HC refers to Hemianthus callitrichoides 'Cuba', sometimes also called dwarf baby tears. MC refers to Micranthemum 'monte carlo’.
In the picture above, MC is grown from the top left, while HC is grown on the bottom right. At the region where they meet (the white dotted line) it can be hard to distinguish the two.
Both are common and popular.
And from a distance, look very similar.
So similar, in fact, that many shops sell them almost interchangeably.
“HC is just a smaller MC”
“Oh either would be fine”
Nothing can be further from the truth.
Above: MC is a great foreground carpet. From a distance, it is hard to tell the difference between MC and HC.
They do look very similar.
HC has the smallest oval leaves among aquatic carpets, the size of duck-weed.
MC is quite a bit larger if grown under robust growth parameters.
At maximum size, MC leaves are around 3 to 4 times larger than HC. However, in lean and over-crowded conditions, MC can be very similar in size to HC.
But that is where the similarity ends.
Above: Monte Carlo is very hardy. It can grow on wood or rock even without substrate, and can even grow in tanks without CO2 injection if given sufficient light and time. The trick in growing them well without substrate is to provide good nutrition in the water. In the picture above, we use APT Complete.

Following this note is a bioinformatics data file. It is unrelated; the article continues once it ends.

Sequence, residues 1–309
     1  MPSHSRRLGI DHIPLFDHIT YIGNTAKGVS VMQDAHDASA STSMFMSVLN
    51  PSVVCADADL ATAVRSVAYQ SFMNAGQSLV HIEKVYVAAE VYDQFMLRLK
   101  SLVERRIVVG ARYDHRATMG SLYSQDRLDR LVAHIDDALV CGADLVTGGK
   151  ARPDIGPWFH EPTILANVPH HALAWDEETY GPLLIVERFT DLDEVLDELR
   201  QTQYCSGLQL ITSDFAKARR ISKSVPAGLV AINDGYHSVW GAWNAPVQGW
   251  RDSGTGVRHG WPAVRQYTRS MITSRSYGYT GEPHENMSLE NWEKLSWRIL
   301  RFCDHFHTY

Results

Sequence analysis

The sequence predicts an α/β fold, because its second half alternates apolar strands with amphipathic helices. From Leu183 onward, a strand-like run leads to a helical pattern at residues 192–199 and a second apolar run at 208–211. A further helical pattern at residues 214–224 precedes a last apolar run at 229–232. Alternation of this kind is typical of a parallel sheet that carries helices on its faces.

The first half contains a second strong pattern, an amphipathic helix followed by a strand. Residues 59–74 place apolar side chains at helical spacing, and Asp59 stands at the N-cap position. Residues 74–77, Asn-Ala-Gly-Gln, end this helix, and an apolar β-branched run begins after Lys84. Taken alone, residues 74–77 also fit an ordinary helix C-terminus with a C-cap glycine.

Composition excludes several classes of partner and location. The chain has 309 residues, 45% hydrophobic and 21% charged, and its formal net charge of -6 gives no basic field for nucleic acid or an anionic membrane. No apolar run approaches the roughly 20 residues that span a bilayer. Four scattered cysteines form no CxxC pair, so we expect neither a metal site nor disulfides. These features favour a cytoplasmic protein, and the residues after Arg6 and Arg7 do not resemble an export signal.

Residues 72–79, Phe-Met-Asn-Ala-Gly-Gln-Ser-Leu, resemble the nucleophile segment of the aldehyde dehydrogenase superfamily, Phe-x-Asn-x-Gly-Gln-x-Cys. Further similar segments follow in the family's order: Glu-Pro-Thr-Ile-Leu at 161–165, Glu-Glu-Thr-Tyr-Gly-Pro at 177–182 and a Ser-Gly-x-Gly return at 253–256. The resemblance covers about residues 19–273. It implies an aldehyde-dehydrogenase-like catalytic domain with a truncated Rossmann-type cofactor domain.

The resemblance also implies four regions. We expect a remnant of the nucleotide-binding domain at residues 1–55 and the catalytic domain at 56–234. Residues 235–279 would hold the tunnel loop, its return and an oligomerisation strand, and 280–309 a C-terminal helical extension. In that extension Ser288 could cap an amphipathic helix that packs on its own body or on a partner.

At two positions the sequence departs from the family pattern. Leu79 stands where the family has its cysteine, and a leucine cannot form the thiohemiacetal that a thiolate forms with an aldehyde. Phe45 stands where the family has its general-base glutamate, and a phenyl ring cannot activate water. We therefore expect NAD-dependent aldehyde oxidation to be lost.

In comparison, HC requires a high level of CO2 to grow well, and requires soil substrate to grow well. While MC takes overcrowding quite well, the bottom layers of HC deteriorates very quickly once overgrown.
In short, while MC is a really hardy carpet, HC is, by comparison, extremely picky.
The two may look similar, but are miles apart in the care and conditions required to grow them well over time.
|Monte Carlo||HC 'Cuba'|
|CO2?||Good to have||Must have|
|Substrate?||Not necessary||Prefers substrate|
Of course there are outliers, and the internet is a hotbed of survivorship-bias "oh look- I grew HC without CO2" but the real test is consistency over time, and the overall rate of success. It is far more helpful to see MC/ HC as vastly different, than to see them as 'same-same'.
Both MC and HC require pruning (in a CO2 injected tank with strong light, every 2 weeks if not 3) to remain in good form. With MC you can get away with pruning less frequently, while HC requires a much (repeat) higher level of discipline and regularity.
What happens if we do not prune? The top layers shade the lower layers which start to deteriorate, as shown in the picture above. With MC the process is more gradual. With HC this happens far more quickly. You cannot substitute regular pruning with better or more nutrition / fertilisation.
As a general rule, trim sooner and earlier, rather than later. It is far better to trim aggressively, rather than leniently.
Once the bottom layer deteriorates, you need to replant healthy parts of the top layer.